DPP Home Profiles Chris Crisman: Master Of The Person In Their Place

Tuesday, November 19, 2013

Chris Crisman: Master Of The Person In Their Place

In his environmental portraits, Chris Crisman creates highly polished images that show the humanism that drives the Philadelphia-based photographer


What I Use
Cameras & Lenses
Hasselblad H2 camera with Phase One IQ160
digital back
Hasselblad 50-110mm
Hasselblad 35mm
Hasselblad 80mm
Canon EOS 5D Mark III
Canon EF 24-70mm ƒ/2.8L
Canon EF 50mm ƒ/1.2L
Canon EF 16-35mm ƒ/2.8L
Canon EF 70-200mm ƒ/2.8L
Lights
Dynalite 2000 watt-second power packs
Custom-built Dynalite 2400 watt-second
power packs
Chimera softboxes
Photek octabanks
Lightrein octabanks and grids
Other Gear
PocketWizard Plus III and Plus X transmitters
Pelican and Tenba cases
Software
Adobe Creative Suite V6
HDRsoft Photomatix Pro
Phase One Capture One Pro 7
Computers & Printers
Custom-modified MacBook Pro for shooting
Mac Pro with EIZO monitor for retouching
LaCie 75 TB storage array
Epson Stylus Pro 3800 printer
Epson Stylus Pro 7900 printer
DPP: In your work, it's obvious people skills are an important component.

Crisman: I try to get people to look at my work ahead of a shoot; they usually can find some people in some of the images who they can relate to. If it's about just getting through the session in time, I try and show that that's what I'm concerned about, too. If they're worried about looking bad in front of the camera, I'll discuss what their concerns are. There's a lot of therapy involved with this. They're putting themselves out there for the world to see, so there's fear that comes with that. I think it's a good idea to get yourself in front of the camera once in awhile to remind yourself of the experience.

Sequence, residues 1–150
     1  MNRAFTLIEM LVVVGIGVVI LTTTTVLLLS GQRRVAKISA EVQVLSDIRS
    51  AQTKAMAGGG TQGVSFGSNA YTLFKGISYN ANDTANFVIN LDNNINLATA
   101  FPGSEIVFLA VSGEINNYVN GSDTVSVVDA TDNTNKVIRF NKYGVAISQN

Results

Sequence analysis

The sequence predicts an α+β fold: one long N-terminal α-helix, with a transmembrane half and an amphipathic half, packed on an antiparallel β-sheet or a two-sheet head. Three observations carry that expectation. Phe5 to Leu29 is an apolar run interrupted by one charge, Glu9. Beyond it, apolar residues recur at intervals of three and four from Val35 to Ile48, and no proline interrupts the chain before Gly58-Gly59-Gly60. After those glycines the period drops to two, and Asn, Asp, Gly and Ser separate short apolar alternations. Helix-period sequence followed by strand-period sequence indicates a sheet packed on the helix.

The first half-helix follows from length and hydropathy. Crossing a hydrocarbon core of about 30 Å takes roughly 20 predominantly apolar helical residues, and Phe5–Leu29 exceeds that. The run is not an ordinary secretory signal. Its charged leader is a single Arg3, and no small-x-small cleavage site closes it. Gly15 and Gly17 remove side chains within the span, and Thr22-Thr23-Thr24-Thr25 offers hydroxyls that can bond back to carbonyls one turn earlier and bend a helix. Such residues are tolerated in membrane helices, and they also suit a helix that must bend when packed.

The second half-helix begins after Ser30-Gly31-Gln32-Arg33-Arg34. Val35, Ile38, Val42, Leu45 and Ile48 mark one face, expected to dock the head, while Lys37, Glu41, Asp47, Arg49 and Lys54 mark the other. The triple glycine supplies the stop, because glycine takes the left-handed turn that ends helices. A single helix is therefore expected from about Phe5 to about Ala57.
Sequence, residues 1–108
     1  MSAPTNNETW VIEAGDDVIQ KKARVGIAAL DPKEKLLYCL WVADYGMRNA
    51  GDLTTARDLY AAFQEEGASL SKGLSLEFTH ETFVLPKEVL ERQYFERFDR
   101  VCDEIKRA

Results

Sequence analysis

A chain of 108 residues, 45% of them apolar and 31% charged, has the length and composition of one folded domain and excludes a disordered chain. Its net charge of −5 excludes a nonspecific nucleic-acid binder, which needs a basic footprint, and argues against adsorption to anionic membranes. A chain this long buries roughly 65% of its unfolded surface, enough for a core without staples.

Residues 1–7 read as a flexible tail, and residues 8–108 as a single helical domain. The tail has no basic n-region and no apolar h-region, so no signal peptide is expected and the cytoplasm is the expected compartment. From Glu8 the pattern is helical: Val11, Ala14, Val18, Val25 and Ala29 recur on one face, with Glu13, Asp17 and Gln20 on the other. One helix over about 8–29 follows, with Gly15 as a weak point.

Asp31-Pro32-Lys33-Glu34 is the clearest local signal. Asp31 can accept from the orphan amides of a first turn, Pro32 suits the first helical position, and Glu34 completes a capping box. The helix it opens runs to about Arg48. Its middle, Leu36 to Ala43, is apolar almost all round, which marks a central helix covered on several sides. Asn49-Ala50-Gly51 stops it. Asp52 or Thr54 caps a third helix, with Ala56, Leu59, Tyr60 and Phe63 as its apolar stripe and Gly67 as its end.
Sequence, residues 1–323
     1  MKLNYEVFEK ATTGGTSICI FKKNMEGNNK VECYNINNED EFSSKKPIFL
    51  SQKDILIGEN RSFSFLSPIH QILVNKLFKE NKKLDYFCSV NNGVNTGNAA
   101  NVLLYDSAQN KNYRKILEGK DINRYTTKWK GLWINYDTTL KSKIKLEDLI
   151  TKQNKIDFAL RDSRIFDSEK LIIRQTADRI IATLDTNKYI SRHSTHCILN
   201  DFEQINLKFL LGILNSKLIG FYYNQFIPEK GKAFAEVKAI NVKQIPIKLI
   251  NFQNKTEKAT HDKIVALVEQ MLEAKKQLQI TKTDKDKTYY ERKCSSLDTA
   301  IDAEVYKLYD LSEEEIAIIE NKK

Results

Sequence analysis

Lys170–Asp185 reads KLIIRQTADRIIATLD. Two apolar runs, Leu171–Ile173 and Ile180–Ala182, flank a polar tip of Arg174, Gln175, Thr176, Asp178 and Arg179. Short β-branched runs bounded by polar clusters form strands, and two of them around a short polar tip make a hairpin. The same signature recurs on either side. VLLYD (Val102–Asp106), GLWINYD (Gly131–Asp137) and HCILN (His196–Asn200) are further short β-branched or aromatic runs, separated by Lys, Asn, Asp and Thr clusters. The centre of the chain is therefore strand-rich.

DPP: In addition to your still photography, you're working with motion on occasion, as well.

Crisman: It's the reality of the times. The general idea that I like to shoot from a tripod and shoot remotely frees me up to direct. It's a similar process. We've done some behind-the-scenes videos of my shoots and some pieces for AARP. Those were shot with the RED. I'm not the cinematographer. I'm the director.

DPP: You often use the word "we" instead of "I" when talking about your shoots. Your team seems to play a big role in your work.

Crisman: In the last few years, as the productions get bigger, the schedule gets tighter and the expectations become a lot higher, it has really become a lot more about trusting and collaborating with the people I work with. We're trying as a team to do unique things—not be boring, not be simple—and produce special, meaningful work.

Go to www.crismanphoto.com to see more of Chris Crisman's photography and motion work.

 

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